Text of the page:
Renowned UC Berkeley professor speaks on challenges to higher education

Neil Smelser, a UC Berkeley professor emeritus of sociology, outlined what he called “the perfect storm” that higher education faces in a speech Monday. Speaking at the Berkeley Art Museum as part of the Clark Kerr Lecture Series on the Role of Higher Education in Society — established in 2001 to honor former UC President Clark Kerr — Smelser said public universities face a multitude of problems, from global competition for students to reduced levels of state spending.

Smelser, who received his bachelor’s degree and PhD from Harvard University, published a book in 2010 entitled “Reflections on the University of California: From the Free Speech Movement to the Global University” and is one of the “accomplished leaders of American Higher Education,” according to the Center for Studies in Higher Education.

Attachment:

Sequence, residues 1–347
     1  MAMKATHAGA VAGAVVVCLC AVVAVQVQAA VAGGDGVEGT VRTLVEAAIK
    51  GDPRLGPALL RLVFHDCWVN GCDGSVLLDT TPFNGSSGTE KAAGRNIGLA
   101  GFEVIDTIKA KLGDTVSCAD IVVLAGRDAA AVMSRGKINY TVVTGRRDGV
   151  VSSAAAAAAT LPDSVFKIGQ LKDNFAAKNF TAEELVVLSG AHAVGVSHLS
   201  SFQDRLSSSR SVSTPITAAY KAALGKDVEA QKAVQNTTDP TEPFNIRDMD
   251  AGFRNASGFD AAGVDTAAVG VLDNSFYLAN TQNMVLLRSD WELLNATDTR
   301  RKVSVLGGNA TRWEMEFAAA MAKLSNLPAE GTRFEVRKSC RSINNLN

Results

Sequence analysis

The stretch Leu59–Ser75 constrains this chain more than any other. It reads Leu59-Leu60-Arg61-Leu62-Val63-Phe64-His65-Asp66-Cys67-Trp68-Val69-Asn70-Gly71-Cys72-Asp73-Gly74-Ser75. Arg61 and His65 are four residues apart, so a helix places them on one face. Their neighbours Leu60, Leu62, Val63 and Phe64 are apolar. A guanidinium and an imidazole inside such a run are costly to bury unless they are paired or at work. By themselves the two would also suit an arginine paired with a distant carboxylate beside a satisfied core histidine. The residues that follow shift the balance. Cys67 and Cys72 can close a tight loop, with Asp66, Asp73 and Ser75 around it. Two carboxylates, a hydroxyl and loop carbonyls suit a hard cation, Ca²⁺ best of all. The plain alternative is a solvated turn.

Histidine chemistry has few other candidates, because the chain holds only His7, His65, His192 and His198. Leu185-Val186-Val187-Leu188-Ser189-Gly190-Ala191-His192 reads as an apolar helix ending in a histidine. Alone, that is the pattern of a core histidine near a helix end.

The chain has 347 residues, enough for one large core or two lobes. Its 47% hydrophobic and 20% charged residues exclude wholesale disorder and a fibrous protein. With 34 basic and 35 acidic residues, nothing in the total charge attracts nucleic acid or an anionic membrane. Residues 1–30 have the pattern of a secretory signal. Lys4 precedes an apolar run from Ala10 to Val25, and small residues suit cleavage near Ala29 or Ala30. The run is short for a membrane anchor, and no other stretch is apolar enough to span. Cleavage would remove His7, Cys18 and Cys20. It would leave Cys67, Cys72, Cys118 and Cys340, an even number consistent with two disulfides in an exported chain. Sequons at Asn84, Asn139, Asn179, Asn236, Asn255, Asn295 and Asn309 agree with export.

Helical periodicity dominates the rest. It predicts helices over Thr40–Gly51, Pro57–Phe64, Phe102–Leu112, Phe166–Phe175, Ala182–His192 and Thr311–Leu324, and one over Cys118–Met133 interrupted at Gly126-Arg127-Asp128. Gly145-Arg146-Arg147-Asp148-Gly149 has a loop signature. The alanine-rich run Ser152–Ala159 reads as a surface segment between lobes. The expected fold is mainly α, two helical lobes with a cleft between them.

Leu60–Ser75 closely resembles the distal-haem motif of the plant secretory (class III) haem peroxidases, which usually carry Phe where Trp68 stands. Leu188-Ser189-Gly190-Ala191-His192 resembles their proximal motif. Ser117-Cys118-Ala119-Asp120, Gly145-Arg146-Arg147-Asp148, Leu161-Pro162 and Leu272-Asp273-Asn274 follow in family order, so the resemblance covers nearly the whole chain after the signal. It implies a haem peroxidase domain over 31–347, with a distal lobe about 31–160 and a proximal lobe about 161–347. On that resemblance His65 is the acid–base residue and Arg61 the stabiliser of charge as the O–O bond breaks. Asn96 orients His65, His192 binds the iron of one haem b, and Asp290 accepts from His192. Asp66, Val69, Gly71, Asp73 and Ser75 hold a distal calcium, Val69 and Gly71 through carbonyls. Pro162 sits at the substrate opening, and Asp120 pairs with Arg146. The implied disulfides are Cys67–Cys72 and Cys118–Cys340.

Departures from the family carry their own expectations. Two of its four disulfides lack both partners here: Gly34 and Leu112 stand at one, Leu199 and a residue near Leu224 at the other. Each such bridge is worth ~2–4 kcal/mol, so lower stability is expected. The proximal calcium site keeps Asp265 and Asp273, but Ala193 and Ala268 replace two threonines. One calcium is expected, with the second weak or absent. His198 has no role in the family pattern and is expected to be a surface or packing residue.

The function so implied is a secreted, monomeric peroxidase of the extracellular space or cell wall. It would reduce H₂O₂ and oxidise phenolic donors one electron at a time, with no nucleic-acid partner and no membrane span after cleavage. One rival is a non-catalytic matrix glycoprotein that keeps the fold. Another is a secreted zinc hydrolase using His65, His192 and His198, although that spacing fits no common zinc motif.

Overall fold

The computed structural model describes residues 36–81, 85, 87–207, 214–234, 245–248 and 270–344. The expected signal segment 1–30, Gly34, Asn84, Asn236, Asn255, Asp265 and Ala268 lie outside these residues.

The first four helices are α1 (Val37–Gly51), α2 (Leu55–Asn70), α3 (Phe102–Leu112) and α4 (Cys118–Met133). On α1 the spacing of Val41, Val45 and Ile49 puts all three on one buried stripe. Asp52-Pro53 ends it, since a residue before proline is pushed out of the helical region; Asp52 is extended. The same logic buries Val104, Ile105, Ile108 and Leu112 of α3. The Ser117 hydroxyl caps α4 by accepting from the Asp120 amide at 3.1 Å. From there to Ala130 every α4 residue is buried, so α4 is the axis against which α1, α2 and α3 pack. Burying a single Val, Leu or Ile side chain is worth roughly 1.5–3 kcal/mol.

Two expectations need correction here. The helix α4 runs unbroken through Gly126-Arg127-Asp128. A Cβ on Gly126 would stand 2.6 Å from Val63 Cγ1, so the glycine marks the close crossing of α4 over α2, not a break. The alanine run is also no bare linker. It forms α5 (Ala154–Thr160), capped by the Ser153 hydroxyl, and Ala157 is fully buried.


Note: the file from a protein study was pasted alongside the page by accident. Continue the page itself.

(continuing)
During the third lecture in a series on higher education, Smelser described several key problems that currently plague universities, including increasing tuition and dependence on student loans, a decrease in state spending and more computer-based learning.

The “proletarianization of academia” — referring to more reliance on adjunct and part-time professors — has led to “a disappearance of tenure by drift,” Smelser said, which has threatened academic integrity and freedom.

Public education, he said, is “inching towards being a private good,” in which only the wealthiest can afford tuition, and corporations provide much of the public funding for research.

Smelser emphasized that the entanglement of corporate and academic research has confused interests, where academic research is limited by the corporations that fund the research, and serves private instead of public interests.

Yet all these issues “are not unsolvable,” Smelser said. Once universities act collectively and with the public good in mind, instead of individually and for private corporations, the system of higher education will once again serve the public interest, knowledge and good, he said.


Staff writer Sam Buckland wrote this report.